We are now in week 5 of this 6-week course – Making MOOCs on a Budget. However, in a way, rather than coming to an end, we are approaching a new beginning!
Up to now, we have presented materials which we consider useful for anyone who wants to make a MOOC (on a budget). We have used quizzes with multiple attempts possible as a tool to help you know if you have retained the information or if you need to go over it again. The discussions aimed to encourage you to reflect a little on some of the big challenges you may face as you move forward with your project.
From the end of week 6, all the materials will still be available until 28 February, during which time the MOOC will also continue as a self-paced option. However, in the next phase, which starts on 29 November, for those of you who have gone through some/all of the materials, the ‘C’ in MOOC, will be more about ‘Community’ than ‘Course’. (read more...)
How to start building your own professional learning community
Did you know, for example, that you can send a message to one or more learners on the course? This might suit people who don’t want to, or don’t feel so confident (yet) about participating in open discussion forums, but may wish to connect with others. Or if you identify a group you would like to collaborate with, you can create your own group for discussions. On Making MOOCs on a Budget, you can already do this – take a look at this link to find out how -https://community.canvaslms.com/docs/DOC-2670
If you decide to collaborate with others, you might wish to have a space where you can easily share your work for your group to review. This can be done by creating your e-Portfolio – learn more here https://community.canvaslms.com/docs/DOC-3243
Ask us anything!
November 28 - 5PM Dublin, Ireland
In the past week, we have contacted a number of people by email to get their views on the MOOC so far, and also asked for suggestions on how to improve its usefulness for the remainder of the course. Feedback overall was very positive, though there were also a number of very useful and constructive criticisms that we have been discussing over the past week. On 28 November at 5PM Dublin time, we would like as many of you as possible to join us in a conversation on issues that have arisen as a result of this outreach as well as others that have emerged during the delivery of the MOOC. It will also be an opportunity to discuss how to translate what you have learnt to an actual MOOC of your own.
One of our team, Linda, is currently doing a dissertation for her MSc on the potential of using MOOCs for continuous professional development (CPD). She hopes that her study will result in the creation of a set of recommendations, aimed specifically at public sector CPD providers in least developing countries who are expected to have access to the required technology for MOOCs in the next decade (United Nations, 2015). She would be very grateful if you would take a few minutes to complete the survey locatedhereto help with this research.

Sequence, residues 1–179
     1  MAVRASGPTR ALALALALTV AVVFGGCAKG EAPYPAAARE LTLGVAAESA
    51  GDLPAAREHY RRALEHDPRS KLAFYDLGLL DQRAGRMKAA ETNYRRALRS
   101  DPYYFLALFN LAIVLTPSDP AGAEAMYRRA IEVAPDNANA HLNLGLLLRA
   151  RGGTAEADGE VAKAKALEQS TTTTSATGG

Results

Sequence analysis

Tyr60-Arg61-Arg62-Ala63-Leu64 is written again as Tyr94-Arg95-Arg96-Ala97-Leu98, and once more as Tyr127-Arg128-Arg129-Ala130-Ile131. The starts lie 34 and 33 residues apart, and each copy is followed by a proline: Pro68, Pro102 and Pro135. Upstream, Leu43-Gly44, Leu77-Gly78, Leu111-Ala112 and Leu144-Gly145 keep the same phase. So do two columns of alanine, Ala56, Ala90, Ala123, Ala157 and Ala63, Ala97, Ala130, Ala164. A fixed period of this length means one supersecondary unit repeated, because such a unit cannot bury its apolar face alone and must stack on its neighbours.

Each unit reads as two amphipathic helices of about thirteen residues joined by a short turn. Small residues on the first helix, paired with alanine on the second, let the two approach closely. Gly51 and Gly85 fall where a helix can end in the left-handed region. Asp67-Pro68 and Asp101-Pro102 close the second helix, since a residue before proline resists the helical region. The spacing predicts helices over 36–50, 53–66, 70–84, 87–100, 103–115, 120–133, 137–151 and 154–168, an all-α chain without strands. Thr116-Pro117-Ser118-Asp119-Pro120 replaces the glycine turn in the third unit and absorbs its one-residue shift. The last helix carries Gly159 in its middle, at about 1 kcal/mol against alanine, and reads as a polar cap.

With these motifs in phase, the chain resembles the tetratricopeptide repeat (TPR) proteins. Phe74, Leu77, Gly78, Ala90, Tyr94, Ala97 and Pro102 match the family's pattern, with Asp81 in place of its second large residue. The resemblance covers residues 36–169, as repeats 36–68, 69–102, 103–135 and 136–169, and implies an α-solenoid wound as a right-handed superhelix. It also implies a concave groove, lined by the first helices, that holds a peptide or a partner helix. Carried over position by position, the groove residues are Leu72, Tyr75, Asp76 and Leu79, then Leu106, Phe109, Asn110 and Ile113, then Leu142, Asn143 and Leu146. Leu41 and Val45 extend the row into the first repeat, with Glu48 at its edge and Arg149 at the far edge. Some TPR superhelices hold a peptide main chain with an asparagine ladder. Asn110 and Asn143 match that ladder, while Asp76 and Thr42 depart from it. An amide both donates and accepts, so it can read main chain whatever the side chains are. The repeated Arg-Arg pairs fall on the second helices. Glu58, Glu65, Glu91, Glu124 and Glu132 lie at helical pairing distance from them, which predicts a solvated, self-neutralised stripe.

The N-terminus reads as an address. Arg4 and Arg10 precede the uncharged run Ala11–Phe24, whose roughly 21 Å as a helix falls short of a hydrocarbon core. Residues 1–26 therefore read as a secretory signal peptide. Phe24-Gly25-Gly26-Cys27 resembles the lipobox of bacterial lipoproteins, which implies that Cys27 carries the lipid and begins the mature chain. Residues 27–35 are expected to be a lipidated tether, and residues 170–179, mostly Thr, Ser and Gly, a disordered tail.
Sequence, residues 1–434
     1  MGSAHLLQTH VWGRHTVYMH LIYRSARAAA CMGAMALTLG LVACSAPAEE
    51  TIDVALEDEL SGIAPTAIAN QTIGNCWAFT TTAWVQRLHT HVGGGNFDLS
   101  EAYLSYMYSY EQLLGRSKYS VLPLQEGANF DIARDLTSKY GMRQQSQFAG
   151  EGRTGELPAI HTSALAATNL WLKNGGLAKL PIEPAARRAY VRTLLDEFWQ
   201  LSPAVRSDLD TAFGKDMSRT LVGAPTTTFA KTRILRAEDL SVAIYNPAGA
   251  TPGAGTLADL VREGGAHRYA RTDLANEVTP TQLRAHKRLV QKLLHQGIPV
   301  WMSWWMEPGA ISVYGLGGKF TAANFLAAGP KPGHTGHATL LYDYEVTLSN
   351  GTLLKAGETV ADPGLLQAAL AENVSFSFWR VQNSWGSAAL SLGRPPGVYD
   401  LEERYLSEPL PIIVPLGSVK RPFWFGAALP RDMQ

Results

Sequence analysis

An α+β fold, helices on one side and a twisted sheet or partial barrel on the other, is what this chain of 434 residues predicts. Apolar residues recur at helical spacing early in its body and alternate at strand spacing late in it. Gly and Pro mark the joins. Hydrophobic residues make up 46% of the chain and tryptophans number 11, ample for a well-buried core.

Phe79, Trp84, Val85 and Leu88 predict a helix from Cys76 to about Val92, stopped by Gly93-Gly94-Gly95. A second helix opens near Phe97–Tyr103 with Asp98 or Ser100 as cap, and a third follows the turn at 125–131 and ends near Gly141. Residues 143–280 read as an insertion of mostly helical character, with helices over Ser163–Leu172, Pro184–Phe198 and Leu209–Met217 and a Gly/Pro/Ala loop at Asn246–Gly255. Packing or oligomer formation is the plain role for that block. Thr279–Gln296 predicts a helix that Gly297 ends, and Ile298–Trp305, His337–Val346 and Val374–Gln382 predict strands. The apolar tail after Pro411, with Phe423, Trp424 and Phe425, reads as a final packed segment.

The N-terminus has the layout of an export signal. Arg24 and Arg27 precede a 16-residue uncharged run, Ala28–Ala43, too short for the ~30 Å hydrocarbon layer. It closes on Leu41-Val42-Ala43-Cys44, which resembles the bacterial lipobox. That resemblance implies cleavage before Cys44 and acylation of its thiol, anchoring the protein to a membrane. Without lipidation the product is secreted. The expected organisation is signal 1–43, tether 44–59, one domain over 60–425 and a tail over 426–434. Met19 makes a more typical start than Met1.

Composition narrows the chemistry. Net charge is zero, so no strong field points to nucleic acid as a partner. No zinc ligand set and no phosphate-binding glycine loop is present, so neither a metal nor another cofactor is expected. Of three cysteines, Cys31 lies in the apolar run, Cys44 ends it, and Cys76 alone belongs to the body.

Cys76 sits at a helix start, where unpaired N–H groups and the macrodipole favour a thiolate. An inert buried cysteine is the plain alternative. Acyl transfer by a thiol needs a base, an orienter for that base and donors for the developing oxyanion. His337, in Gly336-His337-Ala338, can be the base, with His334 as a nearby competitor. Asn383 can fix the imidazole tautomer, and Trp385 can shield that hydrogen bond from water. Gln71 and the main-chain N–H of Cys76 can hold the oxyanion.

What we have done so far:
In week 1 we looked at the nature of the course you would like to build – what and how you want to teach. Brian introduced the learning objects that can be included in MOOCs – videos, discussion forums, quizzes etc. which people generally enjoyed and found useful. Janine introduced the section of planning your MOOC in terms of developing coherent learning objectives and designing meaningful learning activities to suit.
Week 2 looked at the area of selecting tools for video production and Brian hosted a live webinar which explored some of the possibilities available for creating content in MOOCs through this medium. Joern shared a number of videos showing how to go about selecting hardware.
In week 3, Joern took us through the process of creating content, with useful videos on styles, graphics design, preparation, recording and editing videos. Week 3 also looked at Open educational resources (OERs), and the possibilities of using these in your MOOC.
Week 4 looked at how you might consider planning your MOOC project. Miquel and Silvia introduce a simple planning tool aimed at helping you get organized so that you can develop your MOOC on time and within budget. Linda talks about how you might go about promoting your MOOC and shares some ideas for retaining your learners once they have signed up. The discussion this week further explored the issue of retention and completion of MOOCs, and led to some very interesting contributions. You are very welcome to share any thoughts and ideas on this here.
We are now in Week 5, at the end of which you should know how toevaluate strategies for engaging learners on MOOCs and discuss a range of assessment techniques that can be used for MOOCs.
Anyone who has not yet signed up for the MOOC (it's free!) can still do so - it will only take a couple of hours to catch up! Free registration here.
Please share this with anyone you think might benefit from the MOOC.